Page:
Irwin: Retroprincip 1983-2003
“Irwin: Retroprincip 1983-2003,” curated by Inke Arns (Berlin), presents an extensive survey in the work of Irwin, as well as a collective of Slovenian painters (Dušan Mandic, Miran Mohar, Andrej Savski, Roman Uranjek, and Borut Vogelnik), including some of the most influential artists from the former Yugoslavia.
Their artistic practice, as well as their theoretical writings and research projects, concern the following diverse subjects: the relationship between art and totalitarianism; modernist iconography and ideology; the geo-political impact of the revolutions of 1989-1991; and the historicising of modern and contemporary art produced in the former U.S.S.R., Yugoslavia, and Eastern Bloc.
The Irwin group fits into a larger constellation of artists, including members of the rock group Laibach, the theater/performance group today called the Kozmokineticni Kabinet Noordung, and the design collective, Novi Kolektivizem. These groups are known collectively as Neue Slowenische Kunst, or NSK.
Their members have been collaborating in a variety of forms since NSK was established in 1984. To understand the workings of this complex, one could see the members of Laibach as head ideologists, the theater as a kind of secularized church, and Irwin as state artists.
Irwin has said that the ‘retro-principle’ is “not a style or an art trend but a principle of thought; a way of behaving and acting.”
In their works, such as the icon, Malevich Between Two Wars, Irwin deliberately places modernist symbols (such as Malevich’s Suprematist black square or black cross) against totalitarian or fascist motifs.
Adding another layer of symbolic meaning, the Icons are contained in heavy frames, reminiscent of religious displays. Gregor Podnar (Ljubljana) curated the selection of Icons presented in the exhibition.
This strategy can also be seen in Mystery of the Black Square, one of Irwin’s group portraits. Irwin’s exploration in the aesthetics of politics, which was a key dimension of both fascist and totalitarian propaganda, is directly related to the politics of the former Yugoslavia.
Theorist Boris Groys commented in the catalog of the exhibition: “When the Irwin artists place quotations from European modernism and totalitarian art on the same level in their works and in their texts, they deconstruct the customary opposition of avant-garde criticism and totalitarian traditionalism with reference to the specific cultural experience of their countries.”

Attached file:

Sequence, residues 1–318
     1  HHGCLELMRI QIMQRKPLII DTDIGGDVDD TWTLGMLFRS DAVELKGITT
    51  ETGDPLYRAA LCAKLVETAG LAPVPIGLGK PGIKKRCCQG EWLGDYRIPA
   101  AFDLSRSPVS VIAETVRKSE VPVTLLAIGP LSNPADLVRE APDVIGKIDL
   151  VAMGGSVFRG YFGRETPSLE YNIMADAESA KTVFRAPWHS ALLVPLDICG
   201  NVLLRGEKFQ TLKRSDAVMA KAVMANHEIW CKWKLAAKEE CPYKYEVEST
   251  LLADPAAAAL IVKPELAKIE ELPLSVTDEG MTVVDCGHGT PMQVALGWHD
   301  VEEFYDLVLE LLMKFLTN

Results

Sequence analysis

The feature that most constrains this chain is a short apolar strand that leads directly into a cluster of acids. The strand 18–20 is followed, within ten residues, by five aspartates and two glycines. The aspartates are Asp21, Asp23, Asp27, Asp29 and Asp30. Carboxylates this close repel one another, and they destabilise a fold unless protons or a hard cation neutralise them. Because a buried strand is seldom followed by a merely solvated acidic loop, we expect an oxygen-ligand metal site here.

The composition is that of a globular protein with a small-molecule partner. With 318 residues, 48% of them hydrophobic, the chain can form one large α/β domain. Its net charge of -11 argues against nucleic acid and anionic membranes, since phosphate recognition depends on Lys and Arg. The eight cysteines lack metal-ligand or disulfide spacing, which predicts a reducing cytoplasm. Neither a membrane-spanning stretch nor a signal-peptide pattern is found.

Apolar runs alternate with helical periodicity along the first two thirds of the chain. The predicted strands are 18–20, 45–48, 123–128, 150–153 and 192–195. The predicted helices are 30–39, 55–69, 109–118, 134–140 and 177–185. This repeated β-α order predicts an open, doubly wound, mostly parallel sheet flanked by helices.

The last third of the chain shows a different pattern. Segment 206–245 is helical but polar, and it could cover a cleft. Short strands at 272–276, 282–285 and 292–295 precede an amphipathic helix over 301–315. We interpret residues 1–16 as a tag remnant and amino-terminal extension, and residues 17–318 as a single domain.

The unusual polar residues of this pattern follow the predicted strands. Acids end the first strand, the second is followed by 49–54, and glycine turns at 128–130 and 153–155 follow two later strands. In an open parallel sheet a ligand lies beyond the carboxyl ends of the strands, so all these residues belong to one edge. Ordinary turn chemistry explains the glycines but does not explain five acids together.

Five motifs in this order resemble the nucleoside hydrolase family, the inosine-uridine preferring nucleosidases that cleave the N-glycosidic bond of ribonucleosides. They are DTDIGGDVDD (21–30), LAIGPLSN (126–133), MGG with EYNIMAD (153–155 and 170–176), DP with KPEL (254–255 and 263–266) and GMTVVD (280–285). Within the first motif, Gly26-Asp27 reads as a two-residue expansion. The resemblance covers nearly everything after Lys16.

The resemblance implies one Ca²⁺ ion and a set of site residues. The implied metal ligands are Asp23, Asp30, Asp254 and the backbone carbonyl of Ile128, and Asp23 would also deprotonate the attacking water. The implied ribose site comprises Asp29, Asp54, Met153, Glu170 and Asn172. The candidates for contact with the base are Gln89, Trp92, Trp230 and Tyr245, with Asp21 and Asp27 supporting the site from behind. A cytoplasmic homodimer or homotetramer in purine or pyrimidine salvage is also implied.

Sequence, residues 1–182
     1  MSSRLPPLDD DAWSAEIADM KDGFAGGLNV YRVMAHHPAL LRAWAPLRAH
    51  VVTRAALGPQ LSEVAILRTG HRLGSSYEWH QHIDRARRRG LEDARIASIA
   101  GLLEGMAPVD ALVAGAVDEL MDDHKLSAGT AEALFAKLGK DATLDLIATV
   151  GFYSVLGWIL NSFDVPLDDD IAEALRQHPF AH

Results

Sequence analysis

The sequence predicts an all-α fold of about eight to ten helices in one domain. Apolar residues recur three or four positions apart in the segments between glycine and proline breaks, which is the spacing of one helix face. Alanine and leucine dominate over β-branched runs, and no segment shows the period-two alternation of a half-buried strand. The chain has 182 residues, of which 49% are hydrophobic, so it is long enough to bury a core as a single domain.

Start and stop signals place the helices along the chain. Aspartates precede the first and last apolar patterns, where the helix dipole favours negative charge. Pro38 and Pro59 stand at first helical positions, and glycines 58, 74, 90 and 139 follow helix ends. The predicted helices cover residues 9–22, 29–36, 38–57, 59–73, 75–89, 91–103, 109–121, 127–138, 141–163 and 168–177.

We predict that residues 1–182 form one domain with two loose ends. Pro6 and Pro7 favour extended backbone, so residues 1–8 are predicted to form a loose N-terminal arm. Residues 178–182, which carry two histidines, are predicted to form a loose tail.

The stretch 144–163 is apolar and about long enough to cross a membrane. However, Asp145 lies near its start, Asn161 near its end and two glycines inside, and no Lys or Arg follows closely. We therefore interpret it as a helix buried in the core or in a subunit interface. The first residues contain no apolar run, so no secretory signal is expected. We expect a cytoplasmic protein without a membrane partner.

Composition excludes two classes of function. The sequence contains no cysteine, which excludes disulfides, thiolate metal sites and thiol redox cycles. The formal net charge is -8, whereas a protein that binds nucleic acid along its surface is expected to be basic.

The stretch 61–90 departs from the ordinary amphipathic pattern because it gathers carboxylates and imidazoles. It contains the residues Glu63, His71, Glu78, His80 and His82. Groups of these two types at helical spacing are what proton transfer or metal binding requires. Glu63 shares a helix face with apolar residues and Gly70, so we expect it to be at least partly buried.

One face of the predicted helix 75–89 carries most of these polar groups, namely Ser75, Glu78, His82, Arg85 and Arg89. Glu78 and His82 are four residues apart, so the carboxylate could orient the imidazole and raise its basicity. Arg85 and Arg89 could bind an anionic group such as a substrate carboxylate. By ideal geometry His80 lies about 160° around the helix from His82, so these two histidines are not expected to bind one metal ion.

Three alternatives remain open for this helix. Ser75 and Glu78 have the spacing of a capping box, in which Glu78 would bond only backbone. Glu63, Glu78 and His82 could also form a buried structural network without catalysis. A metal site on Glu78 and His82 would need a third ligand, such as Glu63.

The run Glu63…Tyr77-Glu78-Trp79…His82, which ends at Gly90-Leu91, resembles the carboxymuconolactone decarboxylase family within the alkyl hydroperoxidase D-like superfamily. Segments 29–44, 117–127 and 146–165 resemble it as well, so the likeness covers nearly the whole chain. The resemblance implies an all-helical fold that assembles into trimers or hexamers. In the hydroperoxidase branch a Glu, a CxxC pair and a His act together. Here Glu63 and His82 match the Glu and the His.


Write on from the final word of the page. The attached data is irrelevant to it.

The dissolution of former Yugoslavia began in 1991. Slovenia was the first republic to gain independence, and the only one to escape fighting in the bloody Balkan Wars that followed.
The rise of nationalism in Serbia and Croatia, and the new political position of Slovenia as an independent state, became a main focus of Irwin’s work in the 1990s.
In the early 1990s, the ‘NSK State in Time’ was established. As Irwin explained, “NSK confers the status of a state not to a territory but to the mind, whose borders are in a state of flux in accordance with the movements and changes in its symbolic and physical collective body.”
In a clear critique of the problems of nationalism, citizenship, and the increasingly closed borders between the East and West, Irwin opened temporary consulates in Moscow and various cities in the United States and Europe.
People were invited to fill out an application form and were issued official passports as citizens of the NSK State in Time.
Another key element of Irwin’s work which has been produced since 1991 is the East Art Map—A (Re)Construction of the History of Contemporary Art in Eastern Europe (on-going).
It is an extensive research project that Irwin conducts in collaboration with significant curators and cultural figures in former communist countries.
Because of the relative isolation of artists working under communism, little to no research has been undertaken that attempts to incorporate the artistic movements and artistic production in the region from 1945 to the present in the art historical canon.
The East Art Map (exhibited as a publication, map, and CD-Rom) attempts to reassess the history of contemporary art as it was written in the West by examining the artistic production of Eastern and Central Europe, the links between countries in the region, and the theoretical discourses that connected various scenes.
It is perhaps the most concrete example of the extraordinary way that Irwin’s artistic and theoretical works have complemented and stimulated each other, and of the group’s deep commitment to assessing not only the past, but also the role of cultural production within political transformation.
“Irwin: Retroprincip 1983-2003” is an extremely important and timely survey, thoughtfully curated by Arns, who has written extensively on Irwin and NSK.
The catalog/anthology (published by Revolver, Frankfurt) and film program that accompany the exhibition provide viewers access to the art production and theoretical writings of NSK over the last two decades.
Hopefully the exhibition will introduce the work of Irwin and NSK to a broader audience, and will add to the critical debates they have so consistently generated.
More information can also be found at: www.irwin-retroprincip.de.